When I first started road-testing The Frisky 30 Breakup Guide, I didn’t even know what calm looked like. Seeing photos of my ex was enough to make my hands tremble, running into him at a party inevitably meant that venom would threaten to roll off my tongue and I would take on a Cheshire cat grin, trying madly to disguise and displace the feeling of a miniature ice-pick being twisted repeatedly into my heart. “Calm” meant drinking a half of a bottle of wine in bed and being able to wash the tears off in the ladies room at work without anyone noticing. Looking calm was physically impossible. Keep reading »
Tag Archives: 30 day breakup challenge
Ever since I got dumped, my confidence has taken on a new level of manic that I hadn’t experienced since I realized that I had boobs and got my first massive zit on the same day. I vacillate between the first person to suggest we all strip down and jump in the ocean to the girl who hasn’t worn a bikini since 1996, at which time it was striped cotton from Gap Kids. This has had a major effect on my personal loving time. All of the sudden, I turn off the lights and hide under the sheets. My vibrator went from being a friendly reminder of my empowered sexuality to a sorry plastic accessory of my depression. Suddenly I didn’t have time to make myself pant and moan because work was exhausting me to the point of brain numbness. And you know that once you think your day job is more important than orgasmic relief, you are taking the express route to a nervous breakdown. Keep reading »
I think that when we are part of a “couple” for a long time, we get so used to sharing experiences that everything from the coffee spilled in our lap during a meeting to ordering in Chinese is a moment that belongs to both of you. One of the hardest things of finding yourself newly single (other than the infrequent sex and the frequent bar hopping) is that you have to relearn how to experience things without sharing them with someone. Sure, it sounds easy. But if no one is around to watch you get sick from the seafood lo mien, did you even spend those hours vomiting? OK, maybe that’s not the best example. But you get my point, right? Keep reading »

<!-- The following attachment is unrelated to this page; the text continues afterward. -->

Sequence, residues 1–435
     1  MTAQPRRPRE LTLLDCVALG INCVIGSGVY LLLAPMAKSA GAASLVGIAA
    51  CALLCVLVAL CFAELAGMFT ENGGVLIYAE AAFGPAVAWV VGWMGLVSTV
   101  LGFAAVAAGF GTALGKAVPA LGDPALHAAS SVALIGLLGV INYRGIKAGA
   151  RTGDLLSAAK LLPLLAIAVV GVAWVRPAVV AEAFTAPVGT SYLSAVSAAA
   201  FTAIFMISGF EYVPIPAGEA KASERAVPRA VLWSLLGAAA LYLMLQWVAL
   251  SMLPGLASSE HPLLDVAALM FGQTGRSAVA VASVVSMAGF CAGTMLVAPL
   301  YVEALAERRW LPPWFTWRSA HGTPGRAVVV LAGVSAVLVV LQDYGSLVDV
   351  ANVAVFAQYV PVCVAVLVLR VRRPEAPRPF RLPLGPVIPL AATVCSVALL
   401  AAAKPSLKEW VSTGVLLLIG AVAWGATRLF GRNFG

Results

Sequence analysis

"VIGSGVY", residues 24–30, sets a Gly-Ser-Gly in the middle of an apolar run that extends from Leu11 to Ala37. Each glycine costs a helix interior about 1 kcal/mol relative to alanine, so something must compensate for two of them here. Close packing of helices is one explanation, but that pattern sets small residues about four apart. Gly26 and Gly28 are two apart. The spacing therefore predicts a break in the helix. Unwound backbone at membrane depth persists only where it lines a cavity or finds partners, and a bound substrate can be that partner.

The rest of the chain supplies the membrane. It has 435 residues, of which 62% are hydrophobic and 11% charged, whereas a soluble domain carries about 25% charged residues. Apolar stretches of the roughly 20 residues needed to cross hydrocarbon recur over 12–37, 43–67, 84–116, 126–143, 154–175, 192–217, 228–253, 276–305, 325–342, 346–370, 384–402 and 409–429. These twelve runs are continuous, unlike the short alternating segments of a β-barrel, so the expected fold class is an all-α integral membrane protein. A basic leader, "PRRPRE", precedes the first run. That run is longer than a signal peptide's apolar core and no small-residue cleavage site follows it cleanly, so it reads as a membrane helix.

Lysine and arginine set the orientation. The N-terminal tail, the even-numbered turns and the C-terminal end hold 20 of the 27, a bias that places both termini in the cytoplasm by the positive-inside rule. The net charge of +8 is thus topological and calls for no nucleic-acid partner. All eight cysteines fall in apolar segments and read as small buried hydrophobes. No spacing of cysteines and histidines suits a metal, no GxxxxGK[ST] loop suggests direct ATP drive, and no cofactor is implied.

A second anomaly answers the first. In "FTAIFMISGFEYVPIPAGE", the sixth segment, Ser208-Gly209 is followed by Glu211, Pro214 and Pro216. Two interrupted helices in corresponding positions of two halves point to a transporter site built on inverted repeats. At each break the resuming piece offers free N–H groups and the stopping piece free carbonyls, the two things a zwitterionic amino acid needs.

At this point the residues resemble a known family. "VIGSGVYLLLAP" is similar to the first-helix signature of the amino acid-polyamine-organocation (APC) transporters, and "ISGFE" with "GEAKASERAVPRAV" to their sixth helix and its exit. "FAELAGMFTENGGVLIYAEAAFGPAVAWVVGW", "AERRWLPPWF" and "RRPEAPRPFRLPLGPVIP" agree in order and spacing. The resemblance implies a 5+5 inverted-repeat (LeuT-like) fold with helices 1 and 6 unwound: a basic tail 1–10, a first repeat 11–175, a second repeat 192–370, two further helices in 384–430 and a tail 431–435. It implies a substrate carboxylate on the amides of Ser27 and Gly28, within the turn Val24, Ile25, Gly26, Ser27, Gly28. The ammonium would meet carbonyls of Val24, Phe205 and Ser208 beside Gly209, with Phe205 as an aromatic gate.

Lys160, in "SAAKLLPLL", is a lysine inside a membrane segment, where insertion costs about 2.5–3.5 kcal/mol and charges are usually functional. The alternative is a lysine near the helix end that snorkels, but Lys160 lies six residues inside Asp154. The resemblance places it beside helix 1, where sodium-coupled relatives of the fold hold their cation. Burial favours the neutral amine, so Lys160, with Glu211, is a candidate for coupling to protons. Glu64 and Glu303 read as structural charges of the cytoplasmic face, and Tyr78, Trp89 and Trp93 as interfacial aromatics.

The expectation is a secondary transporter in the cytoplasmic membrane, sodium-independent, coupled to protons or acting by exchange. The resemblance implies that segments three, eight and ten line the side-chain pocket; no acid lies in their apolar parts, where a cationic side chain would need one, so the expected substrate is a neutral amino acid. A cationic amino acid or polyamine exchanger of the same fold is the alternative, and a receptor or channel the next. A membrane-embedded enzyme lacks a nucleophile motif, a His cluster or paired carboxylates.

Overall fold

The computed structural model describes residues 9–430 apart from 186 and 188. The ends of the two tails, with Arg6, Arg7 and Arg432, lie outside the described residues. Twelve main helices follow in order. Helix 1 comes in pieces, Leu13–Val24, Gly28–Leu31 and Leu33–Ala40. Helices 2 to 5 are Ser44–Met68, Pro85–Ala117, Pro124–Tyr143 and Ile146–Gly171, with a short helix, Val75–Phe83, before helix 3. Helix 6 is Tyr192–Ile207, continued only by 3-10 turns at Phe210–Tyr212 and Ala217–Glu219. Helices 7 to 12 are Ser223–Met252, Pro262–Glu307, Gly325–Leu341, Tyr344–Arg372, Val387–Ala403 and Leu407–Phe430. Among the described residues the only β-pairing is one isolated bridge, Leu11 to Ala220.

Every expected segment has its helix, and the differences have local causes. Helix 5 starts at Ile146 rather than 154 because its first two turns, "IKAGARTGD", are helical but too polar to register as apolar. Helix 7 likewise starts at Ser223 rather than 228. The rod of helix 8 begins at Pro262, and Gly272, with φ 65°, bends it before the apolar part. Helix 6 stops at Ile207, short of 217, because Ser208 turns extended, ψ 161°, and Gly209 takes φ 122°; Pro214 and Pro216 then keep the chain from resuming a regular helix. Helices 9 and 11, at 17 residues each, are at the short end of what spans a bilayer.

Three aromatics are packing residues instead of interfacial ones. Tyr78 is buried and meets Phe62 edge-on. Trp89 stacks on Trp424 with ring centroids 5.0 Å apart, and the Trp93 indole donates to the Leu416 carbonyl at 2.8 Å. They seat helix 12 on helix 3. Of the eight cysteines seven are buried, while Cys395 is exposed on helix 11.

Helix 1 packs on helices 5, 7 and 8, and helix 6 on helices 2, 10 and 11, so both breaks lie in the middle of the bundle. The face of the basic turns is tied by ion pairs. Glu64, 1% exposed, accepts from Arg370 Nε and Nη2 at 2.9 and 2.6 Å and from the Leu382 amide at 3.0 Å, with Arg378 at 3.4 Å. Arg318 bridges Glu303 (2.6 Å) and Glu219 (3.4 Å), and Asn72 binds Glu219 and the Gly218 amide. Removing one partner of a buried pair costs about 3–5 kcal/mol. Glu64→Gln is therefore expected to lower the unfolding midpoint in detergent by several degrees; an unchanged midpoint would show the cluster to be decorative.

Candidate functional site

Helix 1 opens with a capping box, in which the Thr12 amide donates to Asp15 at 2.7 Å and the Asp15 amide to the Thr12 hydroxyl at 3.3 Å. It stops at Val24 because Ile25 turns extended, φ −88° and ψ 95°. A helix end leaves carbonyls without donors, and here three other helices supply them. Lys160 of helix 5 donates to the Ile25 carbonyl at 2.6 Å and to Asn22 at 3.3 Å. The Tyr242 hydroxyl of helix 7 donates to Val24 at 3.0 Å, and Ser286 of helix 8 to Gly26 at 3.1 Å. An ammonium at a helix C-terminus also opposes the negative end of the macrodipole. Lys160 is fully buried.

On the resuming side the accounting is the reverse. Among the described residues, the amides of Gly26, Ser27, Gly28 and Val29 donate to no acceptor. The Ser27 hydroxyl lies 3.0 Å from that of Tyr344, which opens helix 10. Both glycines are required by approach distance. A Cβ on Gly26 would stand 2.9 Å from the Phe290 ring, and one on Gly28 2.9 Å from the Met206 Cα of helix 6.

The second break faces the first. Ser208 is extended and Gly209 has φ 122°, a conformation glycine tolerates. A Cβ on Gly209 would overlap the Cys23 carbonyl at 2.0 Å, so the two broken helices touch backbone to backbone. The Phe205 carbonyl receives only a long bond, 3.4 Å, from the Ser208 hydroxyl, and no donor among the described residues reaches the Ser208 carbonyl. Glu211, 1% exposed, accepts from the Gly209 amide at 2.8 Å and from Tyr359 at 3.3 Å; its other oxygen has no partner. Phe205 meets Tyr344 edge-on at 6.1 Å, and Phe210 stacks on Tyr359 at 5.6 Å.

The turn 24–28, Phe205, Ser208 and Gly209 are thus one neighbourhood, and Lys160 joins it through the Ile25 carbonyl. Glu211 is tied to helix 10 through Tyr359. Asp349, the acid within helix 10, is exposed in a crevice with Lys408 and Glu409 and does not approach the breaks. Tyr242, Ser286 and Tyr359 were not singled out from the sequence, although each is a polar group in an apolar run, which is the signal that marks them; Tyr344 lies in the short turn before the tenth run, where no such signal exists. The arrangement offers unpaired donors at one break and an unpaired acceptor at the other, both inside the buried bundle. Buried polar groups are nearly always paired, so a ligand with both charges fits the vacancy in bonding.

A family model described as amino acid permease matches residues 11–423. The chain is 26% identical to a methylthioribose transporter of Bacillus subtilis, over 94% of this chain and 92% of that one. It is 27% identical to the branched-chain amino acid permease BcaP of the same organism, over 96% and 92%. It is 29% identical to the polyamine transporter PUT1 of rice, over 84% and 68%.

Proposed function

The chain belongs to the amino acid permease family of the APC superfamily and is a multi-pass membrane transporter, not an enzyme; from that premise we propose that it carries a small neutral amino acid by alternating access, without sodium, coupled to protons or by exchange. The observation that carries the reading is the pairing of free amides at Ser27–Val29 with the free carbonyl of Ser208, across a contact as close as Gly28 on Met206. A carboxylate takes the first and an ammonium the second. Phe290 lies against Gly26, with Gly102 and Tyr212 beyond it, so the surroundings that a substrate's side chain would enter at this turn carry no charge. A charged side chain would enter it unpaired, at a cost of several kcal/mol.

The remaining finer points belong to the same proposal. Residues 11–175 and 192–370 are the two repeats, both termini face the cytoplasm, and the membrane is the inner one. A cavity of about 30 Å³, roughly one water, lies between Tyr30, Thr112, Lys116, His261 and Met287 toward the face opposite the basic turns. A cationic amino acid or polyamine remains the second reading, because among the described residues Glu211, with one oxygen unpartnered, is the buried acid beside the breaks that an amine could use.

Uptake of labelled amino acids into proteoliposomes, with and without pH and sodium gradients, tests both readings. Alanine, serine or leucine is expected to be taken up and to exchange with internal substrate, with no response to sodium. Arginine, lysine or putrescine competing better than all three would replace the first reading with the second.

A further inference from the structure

Father’s Day was a little over a week ago, but doesn’t Dad deserve a call any ol’ day of the week? As part of her 30-Day Breakup Guide Challenge, Maude gave her pops a call to shoot the breeze and discuss her future, the latter of which is decidedly more … open, now that her five-year relationship is over. As she says in her third video blog, above, when a man breaks a woman’s heart, it can be hard to separate him from the rest of the male gender, at least temporarily. Talking to Dad is a great reminder that men, for the most part, are awesome. Keep reading »
Yesterday a tornado hit my ex’s apartment, chewed out a section of the brick wall, swirled the red bricks all over his apartment, flattened his car, and then rained on everything he owns. As I write this, the mean cat we owned together is trapped on the 4th floor (the firefighters won’t let my ex go get him) mewing alone in the rubble. I’m not even sure how to process this. When I first heard, my heart started to race and I ran into my work bathroom and frantically tried to call him. I know we weren’t supposed to talk for 60 days, but I also knew that if I didn’t find out for myself that he was OK, my heart would continue to beat at the steady pace of “cocaine fiend about to have a heart attack.” So what am I going to do? Keep reading »